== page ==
City Guide to Edinburgh, Scotland

City Guide to Edinburgh, Scotland

Kirking of Edinburgh's Council

By Barnaby Miln - Posted on 10 May 2010

The Lord Provost and Councillors, attended by the High Constables, processed quietly into  St Giles’ and, as is the custom nowadays, the congregation remained seated. The Council had come, in time honoured fashion, from the City Chambers across the High Street to ask for the Church’s blessing on their work over the forthcoming year.

From the Latin, rogare - to ask, comes Rogation Sunday which falls on the Sunday before Ascension Day. As the Minister, Gilleasbuig Macmillan, told us there are places where traditionally they walk round the perimeter of their parish. Prayers used to be said at particular points. Gospel Oak and Amen Corner, in London, have this origin. Indeed Queen Elizabeth I in England, he told us, restored the custom temporarily forbidden by Mary because in the days before accurate mapping it served a useful purpose.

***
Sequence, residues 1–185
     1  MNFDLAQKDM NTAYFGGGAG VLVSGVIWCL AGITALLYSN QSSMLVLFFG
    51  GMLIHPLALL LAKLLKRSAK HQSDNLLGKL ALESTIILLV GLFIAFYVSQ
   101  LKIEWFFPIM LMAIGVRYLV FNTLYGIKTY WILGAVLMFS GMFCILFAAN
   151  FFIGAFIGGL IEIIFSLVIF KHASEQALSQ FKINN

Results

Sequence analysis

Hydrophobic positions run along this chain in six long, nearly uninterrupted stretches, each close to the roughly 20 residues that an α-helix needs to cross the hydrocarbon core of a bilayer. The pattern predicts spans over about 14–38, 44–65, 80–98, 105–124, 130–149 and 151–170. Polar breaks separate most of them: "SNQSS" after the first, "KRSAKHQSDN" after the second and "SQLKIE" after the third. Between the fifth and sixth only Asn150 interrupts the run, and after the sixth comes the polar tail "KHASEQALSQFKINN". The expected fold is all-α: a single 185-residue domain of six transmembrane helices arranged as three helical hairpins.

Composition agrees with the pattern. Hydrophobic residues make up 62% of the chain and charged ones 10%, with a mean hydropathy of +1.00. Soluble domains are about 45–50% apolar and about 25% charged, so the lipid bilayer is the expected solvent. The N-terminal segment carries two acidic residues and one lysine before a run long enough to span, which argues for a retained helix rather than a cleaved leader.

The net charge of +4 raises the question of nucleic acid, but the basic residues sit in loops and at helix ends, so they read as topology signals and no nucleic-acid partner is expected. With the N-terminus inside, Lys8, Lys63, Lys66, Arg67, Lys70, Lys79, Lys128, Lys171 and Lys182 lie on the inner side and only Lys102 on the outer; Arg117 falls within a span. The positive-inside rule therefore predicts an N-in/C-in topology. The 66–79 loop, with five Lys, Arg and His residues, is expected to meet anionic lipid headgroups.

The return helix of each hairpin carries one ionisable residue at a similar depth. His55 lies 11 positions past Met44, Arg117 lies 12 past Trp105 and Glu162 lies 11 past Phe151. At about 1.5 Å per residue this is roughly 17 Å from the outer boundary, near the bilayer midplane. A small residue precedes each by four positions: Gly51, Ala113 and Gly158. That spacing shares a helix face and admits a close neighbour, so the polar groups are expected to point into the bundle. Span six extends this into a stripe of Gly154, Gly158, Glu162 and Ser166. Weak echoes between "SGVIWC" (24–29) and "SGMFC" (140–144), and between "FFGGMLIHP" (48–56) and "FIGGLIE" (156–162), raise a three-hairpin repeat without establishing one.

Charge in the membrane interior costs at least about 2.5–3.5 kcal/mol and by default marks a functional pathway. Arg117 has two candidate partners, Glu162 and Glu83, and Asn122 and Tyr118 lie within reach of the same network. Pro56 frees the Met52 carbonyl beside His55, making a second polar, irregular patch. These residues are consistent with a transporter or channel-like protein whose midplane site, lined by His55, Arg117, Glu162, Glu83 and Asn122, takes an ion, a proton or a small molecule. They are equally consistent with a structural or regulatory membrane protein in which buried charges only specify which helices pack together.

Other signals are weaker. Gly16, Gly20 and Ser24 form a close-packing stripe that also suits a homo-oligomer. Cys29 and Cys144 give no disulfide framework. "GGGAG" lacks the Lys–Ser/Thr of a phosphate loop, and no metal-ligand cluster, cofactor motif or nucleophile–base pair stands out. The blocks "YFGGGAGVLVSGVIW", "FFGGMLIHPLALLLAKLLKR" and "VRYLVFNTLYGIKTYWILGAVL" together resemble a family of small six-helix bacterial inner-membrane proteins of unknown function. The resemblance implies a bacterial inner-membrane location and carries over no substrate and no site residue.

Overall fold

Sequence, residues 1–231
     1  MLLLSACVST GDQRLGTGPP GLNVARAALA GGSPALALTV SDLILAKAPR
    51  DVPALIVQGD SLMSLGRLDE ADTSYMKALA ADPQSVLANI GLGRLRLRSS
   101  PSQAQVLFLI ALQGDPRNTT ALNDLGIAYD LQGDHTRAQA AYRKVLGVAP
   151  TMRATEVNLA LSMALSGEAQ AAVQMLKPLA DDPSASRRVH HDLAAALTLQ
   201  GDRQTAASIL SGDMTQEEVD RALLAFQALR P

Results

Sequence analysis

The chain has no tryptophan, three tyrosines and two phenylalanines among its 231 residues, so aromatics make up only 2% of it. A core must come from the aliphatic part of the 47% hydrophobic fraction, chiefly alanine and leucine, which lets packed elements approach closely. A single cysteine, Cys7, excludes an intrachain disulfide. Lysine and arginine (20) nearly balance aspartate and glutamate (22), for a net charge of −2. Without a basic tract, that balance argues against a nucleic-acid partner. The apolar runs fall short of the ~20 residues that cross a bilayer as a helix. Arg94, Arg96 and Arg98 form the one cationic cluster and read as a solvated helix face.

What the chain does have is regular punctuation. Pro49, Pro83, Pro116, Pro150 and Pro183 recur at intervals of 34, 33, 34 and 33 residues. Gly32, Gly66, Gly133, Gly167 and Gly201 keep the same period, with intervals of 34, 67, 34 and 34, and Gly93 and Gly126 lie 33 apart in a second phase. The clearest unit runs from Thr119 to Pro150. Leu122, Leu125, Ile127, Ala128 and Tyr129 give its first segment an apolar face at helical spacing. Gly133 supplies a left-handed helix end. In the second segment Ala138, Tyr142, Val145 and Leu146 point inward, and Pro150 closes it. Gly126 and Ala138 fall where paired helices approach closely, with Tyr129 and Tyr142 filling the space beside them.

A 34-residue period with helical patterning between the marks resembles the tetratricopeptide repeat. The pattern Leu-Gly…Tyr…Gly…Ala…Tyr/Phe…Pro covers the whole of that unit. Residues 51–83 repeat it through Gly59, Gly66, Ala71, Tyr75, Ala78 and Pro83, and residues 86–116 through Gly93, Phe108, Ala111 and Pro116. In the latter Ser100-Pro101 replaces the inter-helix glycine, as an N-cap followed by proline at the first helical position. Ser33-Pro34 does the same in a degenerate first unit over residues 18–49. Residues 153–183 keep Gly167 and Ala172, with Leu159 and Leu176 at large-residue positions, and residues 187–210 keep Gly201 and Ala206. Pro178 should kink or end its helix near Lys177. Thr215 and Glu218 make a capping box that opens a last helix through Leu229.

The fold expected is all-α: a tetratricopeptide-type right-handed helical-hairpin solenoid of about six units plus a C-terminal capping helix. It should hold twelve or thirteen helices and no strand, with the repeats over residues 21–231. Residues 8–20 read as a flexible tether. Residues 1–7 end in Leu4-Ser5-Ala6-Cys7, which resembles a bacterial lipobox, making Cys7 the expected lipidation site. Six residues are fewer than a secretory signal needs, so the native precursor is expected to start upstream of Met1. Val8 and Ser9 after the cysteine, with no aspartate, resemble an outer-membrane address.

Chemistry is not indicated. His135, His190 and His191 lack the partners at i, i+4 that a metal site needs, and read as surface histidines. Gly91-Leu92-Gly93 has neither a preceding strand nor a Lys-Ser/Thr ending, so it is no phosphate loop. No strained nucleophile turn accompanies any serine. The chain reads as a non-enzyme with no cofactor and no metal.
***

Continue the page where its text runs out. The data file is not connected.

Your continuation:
The Minister could have made more of it, by describing it as a cost cutting exercise by the Council, because the electricity was off. But he’s a kindly man.  In fact, only the south west corner of St Giles’ was affected. The stalls for the choir of 28 under Michael Harris, the Master of Music, were well lit but the organ was out. So convincing was the piano in its place that many a visitor may not have realised.

The choir’s Introit was Tallis’s If ye love me keep my commandments. The congregation stood to sing Immortal Invisible, God only wise. The choir and clergy processed to their places. The Minister prayed and we recited the day’s Collect O Lord, from whom all good things do come.

Between the Bible readings the choir sang Psalm 67, God be merciful unto us and bless us. The second reader was the Lord Provost, a retired Church of Scotland minister. We all sang the hymn Lord of beauty, thine the splendour and then sat to hear the Minister’s lively and timely sermon.

Thomas Weelkes who died in 1623 had written the Anthem, Alleluia, I heard a voice. After prayers we sang the final hymn, Praise the Lord! Ye heavens, adore him. We were on our feet as the civic procession made its way out.

Event: Sunday 9 May 2010 at 11.30 am